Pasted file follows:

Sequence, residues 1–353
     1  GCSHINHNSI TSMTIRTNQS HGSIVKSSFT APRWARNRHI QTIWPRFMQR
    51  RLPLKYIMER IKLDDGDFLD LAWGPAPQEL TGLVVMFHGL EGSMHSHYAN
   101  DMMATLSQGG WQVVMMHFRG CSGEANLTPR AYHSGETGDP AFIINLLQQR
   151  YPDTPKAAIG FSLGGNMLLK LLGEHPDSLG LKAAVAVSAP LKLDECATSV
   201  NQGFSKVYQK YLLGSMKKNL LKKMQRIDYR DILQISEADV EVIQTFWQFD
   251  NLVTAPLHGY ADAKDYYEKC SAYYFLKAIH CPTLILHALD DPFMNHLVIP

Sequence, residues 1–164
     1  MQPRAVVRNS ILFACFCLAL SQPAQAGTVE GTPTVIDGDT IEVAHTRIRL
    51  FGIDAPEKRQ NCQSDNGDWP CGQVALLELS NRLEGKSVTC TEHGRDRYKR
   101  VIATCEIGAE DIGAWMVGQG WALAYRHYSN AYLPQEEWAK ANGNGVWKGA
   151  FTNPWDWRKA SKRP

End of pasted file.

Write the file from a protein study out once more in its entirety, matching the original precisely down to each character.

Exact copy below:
Sequence, residues 1–353
     1  GCSHINHNSI TSMTIRTNQS HGSIVKSSFT APRWARNRHI QTIWPRFMQR
    51  RLPLKYIMER IKLDDGDFLD LAWGPAPQEL TGLVVMFHGL EGSMHSHYAN
   101  DMMATLSQGG WQVVMMHFRG CSGEANLTPR AYHSGETGDP AFIINLLQQR
   151  YPDTPKAAIG FSLGGNMLLK LLGEHPDSLG LKAAVAVSAP LKLDECATSV
   201  NQGFSKVYQK YLLGSMKKNL LKKMQRIDYR DILQISEADV EVIQTFWQFD
   251  NLVTAPLHGY ADAKDYYEKC SAYYFLKAIH CPTLILHALD DPFMNHLVIP

Sequence, residues 1–164
     1  MQPRAVVRNS ILFACFCLAL SQPAQAGTVE GTPTVIDGDT IEVAHTRIRL
    51  FGIDAPEKRQ NCQSDNGDWP CGQVALLELS NRLEGKSVTC TEHGRDRYKR
   101  VIATCEIGAE DIGAWMVGQG WALAYRHYSN AYLPQEEWAK ANGNGVWKGA
   151  FTNPWDWRKA SKRP